The car country Germany has lost interest in Formula 1. In the republic without a speed limit and with the largest car factory in the world, there is no station that wants to broadcast four races in the motorsport series on free-to-air television.
The pay channel Sky has been looking for a TV partner for months in vain in order to be able to fulfill contractual requirements. Even before the Australian Grand Prix on Sunday in Melbourne, the third race of the season, there are no signs of a solution.
"The extent to which we will enter into a partnership with a free TV partner again is an open question," Sky said on request this week. "In any case, we have several options for showing individual races Free to Air. We will announce any news on this in good time."
It is not so long ago that Formula 1 was able to look forward to brisk demand and price-driving competition when selling media rights in Germany. Sky had prevailed in the betting against RTL and is now showing all races behind the paywall for the third year.
RTL no longer wants it
The passage in the contract with Formula 1, according to which four races must be freely receivable, was fulfilled twice by the pay-TV provider by selling a sub-license to RTL. But the Cologne broadcaster, which has been the TV home for motorsport fans for decades, no longer wants it and canceled another deal in January.
ARD and ZDF are also not interested. And the ProSiebenSat.1 Group is no longer concerned with the subject of Formula 1, as spokesman Christoph Körfer confirmed: "ProSieben shows Formula E and the DTM. More motorsport is currently not planned."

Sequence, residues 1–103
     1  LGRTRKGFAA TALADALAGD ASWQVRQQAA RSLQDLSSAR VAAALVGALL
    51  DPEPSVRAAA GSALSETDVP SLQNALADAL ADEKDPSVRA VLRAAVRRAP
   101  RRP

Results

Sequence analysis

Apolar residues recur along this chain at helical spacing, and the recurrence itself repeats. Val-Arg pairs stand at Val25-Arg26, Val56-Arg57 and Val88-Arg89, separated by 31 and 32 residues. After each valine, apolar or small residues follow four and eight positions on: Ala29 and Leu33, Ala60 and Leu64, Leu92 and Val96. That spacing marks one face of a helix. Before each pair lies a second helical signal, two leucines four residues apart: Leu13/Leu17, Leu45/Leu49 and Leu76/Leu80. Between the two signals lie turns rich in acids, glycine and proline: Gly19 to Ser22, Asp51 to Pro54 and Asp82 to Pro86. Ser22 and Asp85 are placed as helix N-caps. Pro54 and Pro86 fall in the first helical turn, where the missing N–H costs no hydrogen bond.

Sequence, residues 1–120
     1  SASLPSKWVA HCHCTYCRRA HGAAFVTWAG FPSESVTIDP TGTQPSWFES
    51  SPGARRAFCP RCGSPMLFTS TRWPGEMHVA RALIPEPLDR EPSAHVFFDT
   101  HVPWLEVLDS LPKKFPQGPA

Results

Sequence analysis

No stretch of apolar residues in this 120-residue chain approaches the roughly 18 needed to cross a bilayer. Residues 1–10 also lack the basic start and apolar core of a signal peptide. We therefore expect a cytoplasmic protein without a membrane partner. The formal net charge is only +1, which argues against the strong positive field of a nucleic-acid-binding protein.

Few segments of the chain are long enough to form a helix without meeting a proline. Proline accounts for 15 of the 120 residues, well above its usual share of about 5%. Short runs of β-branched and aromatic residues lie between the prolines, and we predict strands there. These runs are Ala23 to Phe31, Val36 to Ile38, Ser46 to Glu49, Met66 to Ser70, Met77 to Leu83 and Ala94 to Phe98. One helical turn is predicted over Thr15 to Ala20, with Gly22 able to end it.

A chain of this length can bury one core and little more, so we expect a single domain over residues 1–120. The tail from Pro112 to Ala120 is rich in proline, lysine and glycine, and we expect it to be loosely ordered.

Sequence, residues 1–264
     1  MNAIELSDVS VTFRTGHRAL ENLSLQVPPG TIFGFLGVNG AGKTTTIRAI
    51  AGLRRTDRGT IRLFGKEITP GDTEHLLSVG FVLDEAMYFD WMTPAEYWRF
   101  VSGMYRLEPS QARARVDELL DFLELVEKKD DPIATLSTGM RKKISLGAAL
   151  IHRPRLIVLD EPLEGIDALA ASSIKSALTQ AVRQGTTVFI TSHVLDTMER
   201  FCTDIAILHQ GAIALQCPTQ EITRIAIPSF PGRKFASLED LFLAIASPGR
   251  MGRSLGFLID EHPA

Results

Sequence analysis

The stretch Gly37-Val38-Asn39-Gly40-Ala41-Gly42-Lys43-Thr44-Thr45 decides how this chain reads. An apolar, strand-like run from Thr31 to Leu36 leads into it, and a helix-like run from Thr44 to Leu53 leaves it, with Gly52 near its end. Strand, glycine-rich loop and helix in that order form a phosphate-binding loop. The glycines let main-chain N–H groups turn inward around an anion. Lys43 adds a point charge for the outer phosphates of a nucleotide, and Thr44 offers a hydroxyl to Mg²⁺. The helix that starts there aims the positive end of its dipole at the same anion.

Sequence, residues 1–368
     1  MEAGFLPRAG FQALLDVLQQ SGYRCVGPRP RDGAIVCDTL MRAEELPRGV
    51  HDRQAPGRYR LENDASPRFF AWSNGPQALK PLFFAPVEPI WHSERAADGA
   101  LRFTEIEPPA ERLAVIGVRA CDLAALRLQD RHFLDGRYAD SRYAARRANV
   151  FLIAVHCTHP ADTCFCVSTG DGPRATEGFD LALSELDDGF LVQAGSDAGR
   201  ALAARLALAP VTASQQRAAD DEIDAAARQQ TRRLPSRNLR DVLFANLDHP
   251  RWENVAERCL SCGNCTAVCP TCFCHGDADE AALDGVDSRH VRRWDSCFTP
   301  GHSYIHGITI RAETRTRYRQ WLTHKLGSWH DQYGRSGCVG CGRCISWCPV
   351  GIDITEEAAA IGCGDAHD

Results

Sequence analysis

Formula 1 is no longer attractive for the big broadcasters because the ratings have fallen rapidly. The times when more than ten million Germans watched Michael Schumacher drive on TV were many years ago. In 2020, RTL still had an average of almost four million viewers. Last year there were only 2.53 million in the four races.
German stars are missing
"The big German drivers and stars are missing, and the name Schumacher alone is not enough," said media expert Thomas Horky from Macromedia University in Hamburg about the past season. With the departure of four-time world champion Sebastian Vettel and the departure of Mick Schumacher as a regular driver, things have not gotten any better. The only German driver is currently the moderately successful Nico Hülkenberg.
For Sky, however, the purchase of rights has so far been worthwhile. In the first season with exclusive rights, the number of viewers grew by 50 percent, last year by another 20 percent to almost one million viewers on average. But now viewership is falling - and the hoped-for income from the sale of the sub-license to a free TV station is missing.
What options does Sky have to meet the requirements of Formula 1? The pay-TV provider could have its finished signal fed in free of charge by a smaller broadcaster and at least advertise in this way. Free-to-air transmissions on the Internet via the company's own homepage or a YouTube channel would also be possible. Only with the new TV contract, which applies from 2025 to 2027, does the four-race rule no longer apply.